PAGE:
News 4 Tucson spoke with residents in downtown Tucson who called it “shameful.”
“It’s really sad because so many people have so much fear," said Margaret Merendo, a Tucson resident. "With this included now, it’s even worse."
The Food and Drug Administration has issued an alert about unauthorized, fraudulent test kits that are being marketed to test for COVID-19 in the home.
The FDA and the Federal Trade Commission have issued warning letters to seven sellers of unapproved and misbranded products, claiming they can treat or prevent the Coronavirus. The products include teas and oils.
“Scammers are everywhere, willing to take advantage of any calamity as it happens,” said Sean Herdrick, spokesperson for the Better Business Bureau of Southern Arizona.
Fortunately, Herdrick said, the BBB has not received any complaints about Coronavirus scammers locally, however, there is a big scam going on nationally.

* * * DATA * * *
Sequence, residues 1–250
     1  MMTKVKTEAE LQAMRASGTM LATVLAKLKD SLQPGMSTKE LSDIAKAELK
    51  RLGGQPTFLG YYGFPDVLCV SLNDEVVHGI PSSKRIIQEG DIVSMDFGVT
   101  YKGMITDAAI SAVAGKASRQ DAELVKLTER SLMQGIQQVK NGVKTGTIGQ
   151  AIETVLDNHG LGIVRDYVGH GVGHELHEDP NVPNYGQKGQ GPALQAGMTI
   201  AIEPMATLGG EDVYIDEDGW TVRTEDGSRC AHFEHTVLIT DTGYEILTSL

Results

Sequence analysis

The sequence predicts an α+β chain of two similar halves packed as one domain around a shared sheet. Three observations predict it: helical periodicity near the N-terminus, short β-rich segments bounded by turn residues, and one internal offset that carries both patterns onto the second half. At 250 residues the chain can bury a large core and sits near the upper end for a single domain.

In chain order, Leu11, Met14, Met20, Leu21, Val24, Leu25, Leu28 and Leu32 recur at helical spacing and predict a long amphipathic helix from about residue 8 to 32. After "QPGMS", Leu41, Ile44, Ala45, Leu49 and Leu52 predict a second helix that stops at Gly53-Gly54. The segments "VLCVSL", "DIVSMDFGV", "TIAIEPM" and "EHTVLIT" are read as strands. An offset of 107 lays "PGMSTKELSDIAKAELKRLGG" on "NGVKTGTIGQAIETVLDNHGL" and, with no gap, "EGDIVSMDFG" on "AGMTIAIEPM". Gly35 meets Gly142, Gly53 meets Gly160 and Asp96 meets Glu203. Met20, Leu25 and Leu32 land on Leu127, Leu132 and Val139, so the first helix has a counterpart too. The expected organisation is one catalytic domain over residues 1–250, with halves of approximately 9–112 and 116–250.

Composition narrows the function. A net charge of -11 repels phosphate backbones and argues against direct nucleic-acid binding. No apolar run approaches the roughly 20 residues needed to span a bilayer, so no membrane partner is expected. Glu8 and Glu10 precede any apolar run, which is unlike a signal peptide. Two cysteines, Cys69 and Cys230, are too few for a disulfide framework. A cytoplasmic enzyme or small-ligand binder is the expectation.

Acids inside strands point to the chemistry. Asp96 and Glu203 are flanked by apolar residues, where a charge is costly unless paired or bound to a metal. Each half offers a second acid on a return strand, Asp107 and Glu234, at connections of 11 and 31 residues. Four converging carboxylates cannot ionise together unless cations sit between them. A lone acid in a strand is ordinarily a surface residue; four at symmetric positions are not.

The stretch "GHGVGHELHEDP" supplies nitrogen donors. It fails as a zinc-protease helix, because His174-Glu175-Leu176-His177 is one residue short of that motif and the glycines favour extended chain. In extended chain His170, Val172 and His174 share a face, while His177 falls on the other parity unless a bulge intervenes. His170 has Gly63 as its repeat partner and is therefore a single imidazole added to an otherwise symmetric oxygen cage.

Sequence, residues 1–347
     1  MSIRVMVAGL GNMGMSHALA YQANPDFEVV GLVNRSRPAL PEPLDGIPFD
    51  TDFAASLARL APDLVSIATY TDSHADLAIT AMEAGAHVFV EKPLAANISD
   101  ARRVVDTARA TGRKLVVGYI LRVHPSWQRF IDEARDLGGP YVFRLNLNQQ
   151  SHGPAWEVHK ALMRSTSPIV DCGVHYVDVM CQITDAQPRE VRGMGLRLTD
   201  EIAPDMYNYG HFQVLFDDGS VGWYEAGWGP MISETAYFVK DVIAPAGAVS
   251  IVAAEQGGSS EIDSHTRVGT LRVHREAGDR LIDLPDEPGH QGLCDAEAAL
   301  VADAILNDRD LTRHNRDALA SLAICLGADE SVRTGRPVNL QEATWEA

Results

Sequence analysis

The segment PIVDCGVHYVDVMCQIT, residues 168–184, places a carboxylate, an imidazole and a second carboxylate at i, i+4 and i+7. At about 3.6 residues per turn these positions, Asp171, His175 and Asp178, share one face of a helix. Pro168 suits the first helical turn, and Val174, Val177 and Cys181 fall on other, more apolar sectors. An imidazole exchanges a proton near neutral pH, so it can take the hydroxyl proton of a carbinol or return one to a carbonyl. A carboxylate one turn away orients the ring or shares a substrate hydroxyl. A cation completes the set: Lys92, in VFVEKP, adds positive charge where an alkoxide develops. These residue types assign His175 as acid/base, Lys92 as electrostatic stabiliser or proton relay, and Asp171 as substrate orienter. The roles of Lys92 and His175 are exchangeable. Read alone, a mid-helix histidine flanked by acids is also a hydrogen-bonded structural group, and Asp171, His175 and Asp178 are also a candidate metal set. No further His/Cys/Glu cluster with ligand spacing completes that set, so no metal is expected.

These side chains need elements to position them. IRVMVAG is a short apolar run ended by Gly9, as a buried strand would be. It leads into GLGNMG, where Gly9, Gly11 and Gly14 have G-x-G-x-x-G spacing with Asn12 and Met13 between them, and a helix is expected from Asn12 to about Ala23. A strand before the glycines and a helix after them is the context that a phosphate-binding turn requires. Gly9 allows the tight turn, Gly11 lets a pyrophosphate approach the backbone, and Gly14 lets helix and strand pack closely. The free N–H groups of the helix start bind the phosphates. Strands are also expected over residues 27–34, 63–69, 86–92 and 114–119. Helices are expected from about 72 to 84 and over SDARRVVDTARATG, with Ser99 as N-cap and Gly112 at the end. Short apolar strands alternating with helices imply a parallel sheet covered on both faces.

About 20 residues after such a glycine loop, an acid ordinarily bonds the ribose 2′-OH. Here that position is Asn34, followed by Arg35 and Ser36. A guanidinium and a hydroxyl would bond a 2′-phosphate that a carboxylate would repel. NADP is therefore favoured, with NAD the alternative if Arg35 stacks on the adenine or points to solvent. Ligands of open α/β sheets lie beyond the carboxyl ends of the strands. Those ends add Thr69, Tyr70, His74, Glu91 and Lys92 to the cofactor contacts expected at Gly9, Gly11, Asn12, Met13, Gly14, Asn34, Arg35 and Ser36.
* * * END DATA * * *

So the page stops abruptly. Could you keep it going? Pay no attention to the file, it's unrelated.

“People are out there, especially with this stimulus package that’s coming out," said Herdrick. "There’s been a lot of scams that are sending text messages and emails to people telling them they need to send money to receive their stimulus, which is very, very, unfortunate.”
It is advised that you should not respond to texts and emails about the government stimulus checks.
Since the details regarding the stimulus package are still being worked out, anyone who tells you they can get you the money now is a scammer.
Here are some tips to avoid being tricked into a scam.
- You should be aware of who you are buying from when purchasing products online.
- If you haven’t heard of the business, you’re taking your chances so it's more safe to make purchases from a reputable, well-known company.
- Fact check all information any caller provides, as Herdrick of the BBB advises: “Verify, verify, verify.”
Furthermore, you can report scams on the Better Business Bureau Scam Tracker website.
If you have a story you would like New 4 Tucson to investigate, email us at Investigators@kvoa.com or call our tip line at 520-955-4444.